I am a dreamer. Or at least, I was a dreamer. This year seems to have had a singular focus of ripping away every last one of my dreams. Maybe I’m being a bit melodramatic at the moment, but that is how I feel today!
In the past I’ve often been discouraged when the plans I had for my life were derailed or when the great expectations I created for a situation failed to happen. I’m sure I’m not the only one to experience this disappointment on a whole new level in 2020. Discouragement isn’t even a valid word for this. Melancholy. Despair. Depression even. Those are much more apt.
The last few days have been particularly hard. I’m sure it’s partly the coming election, partly the monotony and loneliness of life in a pandemic, and partly the weight of financial stress right now. It’s all collided into a perfect storm of fear, anger, and sadness. I think I’ve done a pretty good job of looking on the bright side until recently (at least, I’ve tried really hard!). Now I’m having a difficult time seeing anything but the gloom. My mind continues to inform me that this too will pass, but my heart is struggling to see past the deluge of sorrow.
As it so often happens, though, God knew just how to reach me in the midst of this storm. I’ve been reading through I Kings and just recently came upon one of my favorite parts of the Old Testament – the stories of Elijah. Today’s reading brought me to God’s great performance on Mount Carmel (chapter 18). Elijah must have been feeling pretty good after God’s magnificent display and his subsequent victory over the false prophets. The drought ended, the people saw God’s goodness and might, and the wicked King Ahab showed signs of possible spiritual restoration.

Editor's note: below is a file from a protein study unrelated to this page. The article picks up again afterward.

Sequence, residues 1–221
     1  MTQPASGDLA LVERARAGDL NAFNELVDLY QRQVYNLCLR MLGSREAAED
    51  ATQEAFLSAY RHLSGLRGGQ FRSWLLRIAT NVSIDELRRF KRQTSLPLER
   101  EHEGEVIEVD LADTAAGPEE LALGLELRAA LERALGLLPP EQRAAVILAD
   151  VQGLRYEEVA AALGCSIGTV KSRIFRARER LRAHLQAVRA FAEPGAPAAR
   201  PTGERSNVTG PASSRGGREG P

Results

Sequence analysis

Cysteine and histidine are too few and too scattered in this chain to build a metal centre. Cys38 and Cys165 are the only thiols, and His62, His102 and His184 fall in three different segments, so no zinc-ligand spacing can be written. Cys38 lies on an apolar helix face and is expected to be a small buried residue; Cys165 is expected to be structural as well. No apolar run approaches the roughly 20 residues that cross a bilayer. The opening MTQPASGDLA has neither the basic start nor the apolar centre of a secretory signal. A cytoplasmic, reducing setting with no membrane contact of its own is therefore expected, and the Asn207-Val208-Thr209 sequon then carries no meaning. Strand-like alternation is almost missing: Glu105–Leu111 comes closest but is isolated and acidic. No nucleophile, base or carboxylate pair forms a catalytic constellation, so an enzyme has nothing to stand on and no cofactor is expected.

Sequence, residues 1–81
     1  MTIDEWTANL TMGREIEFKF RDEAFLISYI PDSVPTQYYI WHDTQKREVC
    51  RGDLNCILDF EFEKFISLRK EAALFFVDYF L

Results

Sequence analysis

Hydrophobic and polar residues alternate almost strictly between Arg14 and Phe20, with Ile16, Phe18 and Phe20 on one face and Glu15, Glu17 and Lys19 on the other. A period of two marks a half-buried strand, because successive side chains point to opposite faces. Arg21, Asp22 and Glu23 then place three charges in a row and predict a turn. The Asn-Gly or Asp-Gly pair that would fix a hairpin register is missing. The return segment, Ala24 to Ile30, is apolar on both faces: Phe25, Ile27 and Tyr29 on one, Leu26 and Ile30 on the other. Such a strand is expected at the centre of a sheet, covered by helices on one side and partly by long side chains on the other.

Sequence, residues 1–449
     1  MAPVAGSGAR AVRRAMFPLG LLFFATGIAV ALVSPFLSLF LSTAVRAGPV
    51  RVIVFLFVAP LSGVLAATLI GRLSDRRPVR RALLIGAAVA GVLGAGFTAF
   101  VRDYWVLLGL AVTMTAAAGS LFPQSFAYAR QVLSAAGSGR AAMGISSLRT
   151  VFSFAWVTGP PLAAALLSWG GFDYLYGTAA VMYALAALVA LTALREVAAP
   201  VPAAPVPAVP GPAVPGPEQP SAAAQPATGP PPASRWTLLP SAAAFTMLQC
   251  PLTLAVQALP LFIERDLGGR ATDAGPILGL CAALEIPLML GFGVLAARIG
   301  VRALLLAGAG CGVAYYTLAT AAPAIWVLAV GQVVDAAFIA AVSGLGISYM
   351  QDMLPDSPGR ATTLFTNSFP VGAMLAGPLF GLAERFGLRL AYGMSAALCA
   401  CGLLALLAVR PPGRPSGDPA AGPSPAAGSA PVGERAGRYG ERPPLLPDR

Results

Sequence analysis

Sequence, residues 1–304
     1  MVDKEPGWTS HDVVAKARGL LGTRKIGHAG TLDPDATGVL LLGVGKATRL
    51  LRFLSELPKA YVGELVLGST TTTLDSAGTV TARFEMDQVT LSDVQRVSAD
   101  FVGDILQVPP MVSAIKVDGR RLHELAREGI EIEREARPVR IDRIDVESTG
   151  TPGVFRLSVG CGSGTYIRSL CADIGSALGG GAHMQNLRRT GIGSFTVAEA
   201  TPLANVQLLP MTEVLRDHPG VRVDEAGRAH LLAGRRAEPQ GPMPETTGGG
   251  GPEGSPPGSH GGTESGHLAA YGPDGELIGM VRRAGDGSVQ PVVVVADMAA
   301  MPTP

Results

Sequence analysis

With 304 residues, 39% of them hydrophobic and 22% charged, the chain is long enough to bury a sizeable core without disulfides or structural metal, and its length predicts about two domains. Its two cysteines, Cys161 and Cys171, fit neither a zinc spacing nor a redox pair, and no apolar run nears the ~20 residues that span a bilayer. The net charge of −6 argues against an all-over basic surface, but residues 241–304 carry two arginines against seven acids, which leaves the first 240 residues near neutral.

But just as a new day seemed to be dawning in Israel, Ahab’s infamous wife Jezebel issued a death warrant for God’s anointed prophet. Elijah fled into the wilderness where he hoped to meet his end. In I Kings 19:4, he proclaimed: “It is enough! Now, Lord, take my life, for I am no better than my fathers!” He’s at the end of his rope! He feels he can’t take any more disappointment. This isn’t what he expected after God’s great triumph. He doesn’t understand what else is to be accomplished, and he feels completely and utterly alone.
Twice during this pessimistic period in the wilderness God asks him: “What are you doing here, Elijah?” Twice he answers: “I have been very zealous for the Lord God of hosts; for the children of Israel have forsaken Your covenant, torn down Your altars, and killed Your prophets with the sword. I alone am left; and they seek to take my life.”
Can you identify with Elijah’s emotions here? Isolated, despondent, feeling entirely doomed. Though I can’t equate my current circumstances to the prophet’s, I can certainly relate to his feelings. And I doubt it’s much of a risk to suppose there are others out there also feeling alone and disheartened today.